Skip to main content

Quantum Engineering for Machine Learning

Periodic Reporting for period 1 - QUEFORMAL (Quantum Engineering for Machine Learning)

Reporting period: 2019-01-01 to 2019-12-31

The present reality of artificial intelligence (AI) applications is that algorithms run on huge data centers, consuming large amounts of energy. This reality is not adequate to respond to an emerging need: more and more applications requiring video and audio recognition, autonomous vehicles and robots, would benefit from cognitive functions performed locally (in ‘embedded systems’, technically), in order to reduce latency in cases in which delays are critical and in scenarios where a fast data connection is not available.

It has been recently shown that processor performance and memory energy efficiency cannot keep up with the exponentially increasing size and computational capacity required in deep neural networks (DNNs), one of most successful techniques for artificial intelligence. To win such challenges, significant improvements are required in device technology, architecture, and algorithms.

A possible solution pursued in the hardware AI community is moving to near-data processing architectures, in which computation is distributed in an array of Processing Elements, each containing both logic and memory, through which data flow to be processed. Use of embedded non-volatile memory is also pursued in order to further reduce energy consumption.

The vision proposed within the QUEFORMAL project surpasses both the present paradigm and the paradigms under development: Quantum engineering of transistors based on lateral and vertical heterostructures of 2D materials unifies materials science and device engineering exploiting the degrees of freedom provided by such materials to fabricate – on the same platform and in close vicinity – both low-voltage transistors and non-volatile memories.

The overall objective and targeted breakthrough of QUEFORMAL is to demonstrate the fabrication and operation of devices for logic-in-memory integrated circuits based on vertical and lateral heterostructures of 2DMs and to show the potential of this technology for integrated circuits for embedded machine learning capabilities.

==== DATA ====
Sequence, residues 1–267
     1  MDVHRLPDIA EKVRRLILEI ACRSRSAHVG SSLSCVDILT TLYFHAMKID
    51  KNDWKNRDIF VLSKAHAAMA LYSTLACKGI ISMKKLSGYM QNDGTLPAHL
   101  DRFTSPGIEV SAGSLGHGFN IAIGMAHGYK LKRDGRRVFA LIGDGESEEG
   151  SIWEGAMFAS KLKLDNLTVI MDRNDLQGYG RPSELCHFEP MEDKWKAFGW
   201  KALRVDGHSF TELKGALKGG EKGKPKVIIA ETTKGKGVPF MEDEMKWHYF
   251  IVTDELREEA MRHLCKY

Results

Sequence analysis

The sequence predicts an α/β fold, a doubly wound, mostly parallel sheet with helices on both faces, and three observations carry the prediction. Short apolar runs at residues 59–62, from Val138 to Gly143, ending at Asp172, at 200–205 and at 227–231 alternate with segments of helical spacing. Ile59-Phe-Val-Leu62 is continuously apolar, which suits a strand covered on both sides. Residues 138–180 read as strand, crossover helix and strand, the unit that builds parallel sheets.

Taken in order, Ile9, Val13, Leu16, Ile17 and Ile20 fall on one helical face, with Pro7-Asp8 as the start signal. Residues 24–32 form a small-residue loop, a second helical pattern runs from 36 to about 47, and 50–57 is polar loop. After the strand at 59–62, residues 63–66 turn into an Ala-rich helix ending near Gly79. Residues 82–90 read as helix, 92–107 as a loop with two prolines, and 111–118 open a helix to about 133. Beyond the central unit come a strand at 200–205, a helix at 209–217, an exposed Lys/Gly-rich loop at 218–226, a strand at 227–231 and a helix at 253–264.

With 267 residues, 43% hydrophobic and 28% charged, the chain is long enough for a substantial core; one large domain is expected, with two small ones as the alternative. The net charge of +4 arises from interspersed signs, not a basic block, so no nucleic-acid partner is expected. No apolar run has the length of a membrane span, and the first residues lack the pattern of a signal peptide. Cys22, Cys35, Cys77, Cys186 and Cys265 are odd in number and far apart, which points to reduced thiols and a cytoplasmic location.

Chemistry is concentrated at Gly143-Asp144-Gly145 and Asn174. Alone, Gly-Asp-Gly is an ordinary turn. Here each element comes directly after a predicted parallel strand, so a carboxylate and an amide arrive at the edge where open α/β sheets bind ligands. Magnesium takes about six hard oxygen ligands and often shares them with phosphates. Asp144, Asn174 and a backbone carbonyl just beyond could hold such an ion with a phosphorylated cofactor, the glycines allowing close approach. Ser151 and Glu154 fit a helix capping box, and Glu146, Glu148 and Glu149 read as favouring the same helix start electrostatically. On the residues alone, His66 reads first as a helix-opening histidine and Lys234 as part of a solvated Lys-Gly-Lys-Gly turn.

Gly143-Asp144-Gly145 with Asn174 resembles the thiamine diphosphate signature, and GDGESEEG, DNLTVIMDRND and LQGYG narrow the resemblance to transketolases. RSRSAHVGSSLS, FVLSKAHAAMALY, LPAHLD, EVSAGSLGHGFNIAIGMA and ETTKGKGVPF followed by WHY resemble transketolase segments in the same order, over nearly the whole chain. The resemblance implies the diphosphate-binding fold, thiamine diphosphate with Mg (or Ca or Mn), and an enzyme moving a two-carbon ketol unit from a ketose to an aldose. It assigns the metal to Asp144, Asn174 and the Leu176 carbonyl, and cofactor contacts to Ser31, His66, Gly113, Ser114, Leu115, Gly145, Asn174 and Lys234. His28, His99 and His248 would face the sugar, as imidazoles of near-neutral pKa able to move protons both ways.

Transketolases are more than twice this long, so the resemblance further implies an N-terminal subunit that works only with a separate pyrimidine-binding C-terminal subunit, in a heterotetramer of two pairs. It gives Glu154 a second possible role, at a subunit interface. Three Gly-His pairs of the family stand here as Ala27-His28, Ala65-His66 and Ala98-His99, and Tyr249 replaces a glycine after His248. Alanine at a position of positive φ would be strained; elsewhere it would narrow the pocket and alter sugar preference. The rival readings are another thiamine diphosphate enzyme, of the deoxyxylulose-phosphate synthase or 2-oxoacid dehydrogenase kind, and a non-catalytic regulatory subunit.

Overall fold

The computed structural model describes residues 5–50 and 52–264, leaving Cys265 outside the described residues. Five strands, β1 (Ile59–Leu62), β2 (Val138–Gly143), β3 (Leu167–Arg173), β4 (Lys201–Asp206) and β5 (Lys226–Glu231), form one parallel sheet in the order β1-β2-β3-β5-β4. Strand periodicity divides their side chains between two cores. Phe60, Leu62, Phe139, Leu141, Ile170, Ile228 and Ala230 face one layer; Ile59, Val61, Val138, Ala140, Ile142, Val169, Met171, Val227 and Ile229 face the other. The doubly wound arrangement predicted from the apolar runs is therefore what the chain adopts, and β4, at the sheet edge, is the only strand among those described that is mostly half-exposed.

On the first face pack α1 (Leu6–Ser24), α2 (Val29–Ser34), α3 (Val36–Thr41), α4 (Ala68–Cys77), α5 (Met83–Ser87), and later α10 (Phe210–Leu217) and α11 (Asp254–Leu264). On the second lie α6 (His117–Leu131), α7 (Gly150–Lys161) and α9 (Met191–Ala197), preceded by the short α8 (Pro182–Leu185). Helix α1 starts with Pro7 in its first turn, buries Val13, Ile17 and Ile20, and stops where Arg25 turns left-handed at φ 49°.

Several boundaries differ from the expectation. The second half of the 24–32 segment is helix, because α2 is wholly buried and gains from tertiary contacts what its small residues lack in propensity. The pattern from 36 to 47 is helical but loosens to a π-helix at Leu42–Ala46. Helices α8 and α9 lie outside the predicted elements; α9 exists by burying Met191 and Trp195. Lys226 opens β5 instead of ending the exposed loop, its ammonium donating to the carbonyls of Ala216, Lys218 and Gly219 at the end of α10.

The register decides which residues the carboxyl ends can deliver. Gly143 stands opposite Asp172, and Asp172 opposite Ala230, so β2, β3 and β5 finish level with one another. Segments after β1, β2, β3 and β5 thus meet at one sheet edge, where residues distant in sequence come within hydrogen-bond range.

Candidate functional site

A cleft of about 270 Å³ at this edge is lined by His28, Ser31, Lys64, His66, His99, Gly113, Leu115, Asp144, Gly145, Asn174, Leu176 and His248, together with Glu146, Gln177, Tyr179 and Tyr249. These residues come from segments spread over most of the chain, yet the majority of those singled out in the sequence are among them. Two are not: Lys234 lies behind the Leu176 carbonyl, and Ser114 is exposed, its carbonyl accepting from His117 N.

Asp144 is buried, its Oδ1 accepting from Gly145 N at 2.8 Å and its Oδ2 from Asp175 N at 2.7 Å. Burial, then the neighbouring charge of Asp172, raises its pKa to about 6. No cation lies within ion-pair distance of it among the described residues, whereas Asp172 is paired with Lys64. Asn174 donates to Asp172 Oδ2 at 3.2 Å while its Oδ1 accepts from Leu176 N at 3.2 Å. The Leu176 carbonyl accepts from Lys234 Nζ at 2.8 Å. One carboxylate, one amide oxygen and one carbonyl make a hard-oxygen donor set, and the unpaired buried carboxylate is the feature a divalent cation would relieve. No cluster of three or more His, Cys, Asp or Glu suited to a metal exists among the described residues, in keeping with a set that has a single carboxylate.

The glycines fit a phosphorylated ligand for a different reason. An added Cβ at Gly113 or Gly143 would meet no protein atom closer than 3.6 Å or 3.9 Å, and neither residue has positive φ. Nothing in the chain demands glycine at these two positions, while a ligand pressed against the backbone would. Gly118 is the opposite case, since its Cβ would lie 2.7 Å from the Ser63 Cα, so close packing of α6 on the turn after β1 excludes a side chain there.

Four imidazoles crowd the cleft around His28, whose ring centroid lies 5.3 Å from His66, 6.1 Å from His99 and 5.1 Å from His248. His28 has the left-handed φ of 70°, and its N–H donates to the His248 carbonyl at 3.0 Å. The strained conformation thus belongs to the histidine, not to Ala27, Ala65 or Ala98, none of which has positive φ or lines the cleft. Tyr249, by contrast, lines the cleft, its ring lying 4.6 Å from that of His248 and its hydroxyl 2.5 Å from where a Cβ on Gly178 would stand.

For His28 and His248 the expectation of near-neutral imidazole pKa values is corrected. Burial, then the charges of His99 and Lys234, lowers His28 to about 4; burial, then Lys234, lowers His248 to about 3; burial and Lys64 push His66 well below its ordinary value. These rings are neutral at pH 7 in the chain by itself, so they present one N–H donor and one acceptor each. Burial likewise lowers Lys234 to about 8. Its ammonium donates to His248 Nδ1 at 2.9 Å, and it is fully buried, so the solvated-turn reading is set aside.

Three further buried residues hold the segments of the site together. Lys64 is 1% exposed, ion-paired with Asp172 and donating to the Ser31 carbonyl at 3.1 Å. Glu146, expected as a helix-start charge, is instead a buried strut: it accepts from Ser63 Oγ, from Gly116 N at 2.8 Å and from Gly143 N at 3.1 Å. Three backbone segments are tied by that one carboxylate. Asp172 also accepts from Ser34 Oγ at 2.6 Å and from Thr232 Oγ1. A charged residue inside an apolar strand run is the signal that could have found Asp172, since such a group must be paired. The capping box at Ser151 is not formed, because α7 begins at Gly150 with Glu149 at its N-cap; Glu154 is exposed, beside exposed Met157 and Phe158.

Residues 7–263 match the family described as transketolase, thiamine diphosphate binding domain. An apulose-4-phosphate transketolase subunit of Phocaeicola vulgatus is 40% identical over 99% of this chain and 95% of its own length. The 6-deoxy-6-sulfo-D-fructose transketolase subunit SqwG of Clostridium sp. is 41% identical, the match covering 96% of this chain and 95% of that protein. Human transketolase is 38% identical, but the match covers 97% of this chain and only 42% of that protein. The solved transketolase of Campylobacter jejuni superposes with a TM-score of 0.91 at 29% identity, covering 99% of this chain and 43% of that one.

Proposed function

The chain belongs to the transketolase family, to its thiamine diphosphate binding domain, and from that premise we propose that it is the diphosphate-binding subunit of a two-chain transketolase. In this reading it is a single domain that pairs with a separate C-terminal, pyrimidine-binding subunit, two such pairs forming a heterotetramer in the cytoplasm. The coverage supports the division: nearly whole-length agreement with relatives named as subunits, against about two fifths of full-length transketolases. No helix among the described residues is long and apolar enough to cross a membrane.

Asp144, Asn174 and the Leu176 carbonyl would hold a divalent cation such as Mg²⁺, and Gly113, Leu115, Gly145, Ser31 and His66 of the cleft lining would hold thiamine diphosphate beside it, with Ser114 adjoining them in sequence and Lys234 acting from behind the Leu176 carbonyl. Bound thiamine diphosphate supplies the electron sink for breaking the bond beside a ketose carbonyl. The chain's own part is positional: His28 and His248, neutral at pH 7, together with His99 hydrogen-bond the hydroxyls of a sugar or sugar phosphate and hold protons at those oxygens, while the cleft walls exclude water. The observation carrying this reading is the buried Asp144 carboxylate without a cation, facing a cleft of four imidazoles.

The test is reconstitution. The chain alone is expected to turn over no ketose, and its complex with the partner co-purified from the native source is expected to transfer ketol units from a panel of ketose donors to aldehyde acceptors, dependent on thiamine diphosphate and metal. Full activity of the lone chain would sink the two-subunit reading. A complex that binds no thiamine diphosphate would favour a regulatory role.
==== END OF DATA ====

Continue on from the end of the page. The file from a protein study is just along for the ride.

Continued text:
QUEFORMAL pursues a very risky and original target, with the extremely high potential gain of advancing a science-enabled technology for the fabrication of integrated circuits for machine learning, in a field in which Europe has strong basic-science leadership, thanks to the pioneering breakthroughs on graphene and 2D materials.
In the first year of the project, progress has been made along many different lines of research:
- Materials: We have fabricated lateral heterostructures of 2D materials based on semimetallic and semiconducting PtSe2, and have improved the quality of homogeneous 2D materials to be used for the fabrication of lateral and vertical heterostructures grown by MOCVD and CVD.
- Devices: We have obtained the first promising experimental results on non-volatile memories based on lateral and vertical heterostructures with a good programming window.
- Modeling: Our multi-scale simulation framework for materials and devices based on 2D heterostructures has been expanded through the development of methods for modeling the electronic structure and the transport properties of lateral and vertical heterostructures and of new modules to simulate transport in multi-terminal devices.
- Circuit Design: We have designed a demonstrator of an analog vector-matrix multiplier in CMOS technology in order to validate our analog neural network architectural concept on proven technology.
We are advancing the state of the art in the fabrication of heterostructures of two-dimensional materials and of transistors and memories based such heterostructures. We are on track to demonstrate - by the end of the project - high-performance transistors and non-volatile memories fabricated in close vicinity and to validate the architectural concept of an analog deep neural network based on such devices.
QUEFORMAL concept for integrated transistors and non-volatile memory based on 2D materials